I’m not in the business of challenging the traditional media, but I am aware that I and other bloggers in the St. Louis community sometimes attend events or meetings and learn things that are important to our community and yet not covered by the Post-Dispatch or KWMU, The Beacon, RFT or anyone else. I think that in this case we, as bloggers, add something valuable to the community.
But on those occasions when we blog about a subject or event also covered by the traditional media it is sometimes unclear which coverage offers the best information. In general a writer for say, the Post-Dispatch, is much more professional, more concise and as a result more informative, but sometimes a blogger has sources very close to an event or project, has followed a development for considerable time and has specific knowledge about a topic. And although I have significant limits on my time with a full-time job, family and other interests, I’m sure that occasionally I have more time than a P-D beat writer to put together a post.
Anyway, this brings me to a story that I couldn’t pass up. It was compelling enough that this is my first post to not be about urbanism.
Ted Diadiun, Ombudsman for the Cleveland Plain Dealer felt compelled to dismiss bloggers. One concern is that bloggers quickly use and disseminate information from traditional press outlets. This rant from Diadiun has been perfectly labeled by one writer as a “Bonfire of the curmudgeons, inter-generational sneerfest from the Cleveland ombud. Painful, but revealing video.”
The money quote from the 15-minute video has got to be, “It’s really a bunch of pipsqueaks out there talking about what the real journalists do.” Can you not help but think of Donnybrook, Bill McClellan and the whole crew, when you read that?
What Diadiun and others ignore at their own, and their company’s expense, is the ever blurring line between a blogger such as myself (with a journalism degree and experience writing) and someone employed as a print journalist who writes a blog. Today, a blog (and the accompanying Twitter tweets, E-mail, etc.) is at times used as a resource by traditional media, a tip sheet, a way to fill in the blanks, a way to keep informed of the minutia that make a good story, a barometer of what’s happening ‘out there’. It has very quickly become a two-way street.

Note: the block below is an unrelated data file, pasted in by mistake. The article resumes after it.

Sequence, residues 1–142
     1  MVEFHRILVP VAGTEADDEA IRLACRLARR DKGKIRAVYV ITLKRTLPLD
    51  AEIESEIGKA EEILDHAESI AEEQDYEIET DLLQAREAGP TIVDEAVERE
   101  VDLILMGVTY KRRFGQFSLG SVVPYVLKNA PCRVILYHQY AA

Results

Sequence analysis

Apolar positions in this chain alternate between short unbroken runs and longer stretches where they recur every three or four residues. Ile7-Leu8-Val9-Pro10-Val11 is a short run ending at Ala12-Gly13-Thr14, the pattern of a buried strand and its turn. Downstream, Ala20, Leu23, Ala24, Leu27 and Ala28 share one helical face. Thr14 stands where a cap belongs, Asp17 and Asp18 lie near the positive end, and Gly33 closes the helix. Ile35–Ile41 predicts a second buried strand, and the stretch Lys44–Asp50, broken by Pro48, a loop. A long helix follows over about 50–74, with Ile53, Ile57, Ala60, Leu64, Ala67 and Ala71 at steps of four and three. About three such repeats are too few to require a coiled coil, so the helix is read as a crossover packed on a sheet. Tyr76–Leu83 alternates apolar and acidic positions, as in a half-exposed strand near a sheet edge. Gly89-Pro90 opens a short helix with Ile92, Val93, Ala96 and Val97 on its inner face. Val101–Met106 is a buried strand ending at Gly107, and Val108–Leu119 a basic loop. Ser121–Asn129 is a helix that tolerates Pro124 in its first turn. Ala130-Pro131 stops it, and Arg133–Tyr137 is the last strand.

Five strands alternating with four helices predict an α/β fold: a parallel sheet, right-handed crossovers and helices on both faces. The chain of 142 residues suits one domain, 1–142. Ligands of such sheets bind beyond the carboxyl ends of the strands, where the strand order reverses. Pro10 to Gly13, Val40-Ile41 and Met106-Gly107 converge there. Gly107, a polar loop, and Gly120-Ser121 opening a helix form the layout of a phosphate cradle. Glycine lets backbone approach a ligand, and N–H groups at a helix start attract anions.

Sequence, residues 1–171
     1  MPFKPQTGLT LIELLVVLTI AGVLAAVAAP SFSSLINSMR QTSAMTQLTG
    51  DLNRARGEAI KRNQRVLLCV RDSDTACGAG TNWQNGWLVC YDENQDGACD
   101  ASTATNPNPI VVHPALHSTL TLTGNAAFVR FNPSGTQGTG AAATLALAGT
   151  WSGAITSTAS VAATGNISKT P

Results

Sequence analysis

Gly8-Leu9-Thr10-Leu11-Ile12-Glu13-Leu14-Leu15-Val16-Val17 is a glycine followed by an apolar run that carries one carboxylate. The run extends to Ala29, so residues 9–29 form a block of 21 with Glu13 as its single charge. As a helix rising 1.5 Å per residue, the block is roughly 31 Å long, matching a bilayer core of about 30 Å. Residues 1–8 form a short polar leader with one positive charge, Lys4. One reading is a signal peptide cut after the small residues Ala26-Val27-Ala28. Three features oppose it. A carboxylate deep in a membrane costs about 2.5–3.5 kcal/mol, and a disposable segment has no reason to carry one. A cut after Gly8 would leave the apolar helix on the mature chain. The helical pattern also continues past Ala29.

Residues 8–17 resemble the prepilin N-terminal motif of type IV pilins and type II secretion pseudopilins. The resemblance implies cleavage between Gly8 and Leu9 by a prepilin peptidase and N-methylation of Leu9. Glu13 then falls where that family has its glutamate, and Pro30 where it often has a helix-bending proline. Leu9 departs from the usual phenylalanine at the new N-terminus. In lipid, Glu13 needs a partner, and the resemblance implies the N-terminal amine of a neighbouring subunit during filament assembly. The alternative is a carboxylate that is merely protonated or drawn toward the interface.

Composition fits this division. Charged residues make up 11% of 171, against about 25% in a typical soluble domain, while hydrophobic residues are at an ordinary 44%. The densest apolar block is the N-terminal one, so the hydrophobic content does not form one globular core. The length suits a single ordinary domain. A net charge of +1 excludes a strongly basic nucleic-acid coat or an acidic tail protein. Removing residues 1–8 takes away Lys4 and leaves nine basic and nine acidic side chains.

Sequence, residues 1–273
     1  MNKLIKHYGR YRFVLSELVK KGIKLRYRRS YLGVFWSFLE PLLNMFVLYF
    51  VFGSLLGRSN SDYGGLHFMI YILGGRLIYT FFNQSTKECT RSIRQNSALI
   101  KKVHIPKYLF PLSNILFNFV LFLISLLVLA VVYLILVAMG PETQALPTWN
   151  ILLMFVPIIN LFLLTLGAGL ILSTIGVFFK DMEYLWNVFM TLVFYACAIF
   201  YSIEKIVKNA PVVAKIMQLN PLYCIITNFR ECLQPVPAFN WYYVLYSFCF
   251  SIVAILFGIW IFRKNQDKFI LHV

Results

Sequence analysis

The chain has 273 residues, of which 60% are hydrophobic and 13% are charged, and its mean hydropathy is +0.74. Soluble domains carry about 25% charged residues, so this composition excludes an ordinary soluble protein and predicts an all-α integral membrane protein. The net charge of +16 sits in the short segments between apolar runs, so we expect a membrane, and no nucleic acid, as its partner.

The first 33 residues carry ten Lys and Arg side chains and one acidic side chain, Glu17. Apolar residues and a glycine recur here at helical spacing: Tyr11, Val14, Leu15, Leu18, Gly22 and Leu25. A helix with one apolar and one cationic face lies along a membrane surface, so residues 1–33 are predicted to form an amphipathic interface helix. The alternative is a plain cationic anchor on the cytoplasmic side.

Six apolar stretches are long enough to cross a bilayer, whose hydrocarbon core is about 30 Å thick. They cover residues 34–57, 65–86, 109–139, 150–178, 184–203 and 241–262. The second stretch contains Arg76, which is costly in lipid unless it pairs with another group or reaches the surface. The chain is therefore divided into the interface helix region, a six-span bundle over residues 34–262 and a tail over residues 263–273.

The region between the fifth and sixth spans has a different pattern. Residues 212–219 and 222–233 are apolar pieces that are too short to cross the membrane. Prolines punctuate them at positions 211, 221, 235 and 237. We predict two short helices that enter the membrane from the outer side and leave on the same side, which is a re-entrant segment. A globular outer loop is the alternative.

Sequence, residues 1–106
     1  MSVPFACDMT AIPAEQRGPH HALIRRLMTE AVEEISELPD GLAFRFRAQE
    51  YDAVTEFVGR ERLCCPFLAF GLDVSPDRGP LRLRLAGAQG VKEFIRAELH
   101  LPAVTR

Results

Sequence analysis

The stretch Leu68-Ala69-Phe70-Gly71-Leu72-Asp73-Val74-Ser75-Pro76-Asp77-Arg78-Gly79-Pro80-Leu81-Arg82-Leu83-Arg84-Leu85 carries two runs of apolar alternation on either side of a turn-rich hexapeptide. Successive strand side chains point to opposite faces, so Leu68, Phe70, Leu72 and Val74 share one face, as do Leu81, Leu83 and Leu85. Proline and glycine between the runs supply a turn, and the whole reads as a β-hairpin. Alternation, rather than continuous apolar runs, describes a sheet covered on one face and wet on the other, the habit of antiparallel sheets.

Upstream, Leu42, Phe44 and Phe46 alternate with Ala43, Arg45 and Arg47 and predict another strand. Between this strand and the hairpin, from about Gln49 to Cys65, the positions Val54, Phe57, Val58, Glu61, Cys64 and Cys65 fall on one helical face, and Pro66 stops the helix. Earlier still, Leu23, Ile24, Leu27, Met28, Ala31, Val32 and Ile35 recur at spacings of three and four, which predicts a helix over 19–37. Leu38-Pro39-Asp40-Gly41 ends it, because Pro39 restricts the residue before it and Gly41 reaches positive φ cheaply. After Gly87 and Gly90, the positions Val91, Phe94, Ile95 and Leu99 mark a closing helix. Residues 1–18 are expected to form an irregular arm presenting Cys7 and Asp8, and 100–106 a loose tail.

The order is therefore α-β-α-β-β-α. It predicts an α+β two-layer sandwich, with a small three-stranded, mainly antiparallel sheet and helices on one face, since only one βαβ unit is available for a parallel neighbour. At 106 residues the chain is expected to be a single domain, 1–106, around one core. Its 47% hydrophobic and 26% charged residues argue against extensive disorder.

Wonder which way the journalistic wind is blowing? Look no further than our own Post-Dispatch. There are currently 55 blogs on the Post-Dispatch website. 55. News-16 blogs, Business-6 blogs, Sports-17 blogs, Entertainment-10 blogs, Life & Style-6 blogs.
King Kaufman at his blog The Future of Journalism has been covering the ridiculousness of the Plain Dealer rant:
JULY 8, 2009 2:54PM
Facts dog Cleveland newspaper defender
By King Kaufman: This blog is going to ask for your indulgence. It is frankly obsessed with the 15-minute video at Cleveland.com that both Katharine and I wrote about yesterday. We’re thinking of changing the name of this blog to the How Crazy Was That Cleveland Plain Dealer Video? Blog.…
JULY 7, 2009 5:19PM
Staggering idiocy in Cleveland
By King Kaufman The craziest moment in the insane Cleveland Plain Dealer “reader rep chat” video Katharine Mieszkowski just wrote about comes about halfway through.
I’ve seen a lot of commentary in Future-of-Journalism nerdland about this video, in which the P-D’s so-called reader representative, wh…
JULY 7, 2009 4:11PM
Newspaper to bloggers: Shut up pipsqueaks!
By Katharine Mieszkowski If you can get past the monotone delivery, there are some real zingers in the 15-minute video “chat wrap” with the Cleveland Plain Dealer’s Reader Rep Ted Diadiun, in which he defends columnist Connie Schultz’s proposal to curtail the First Amendment to save newspap…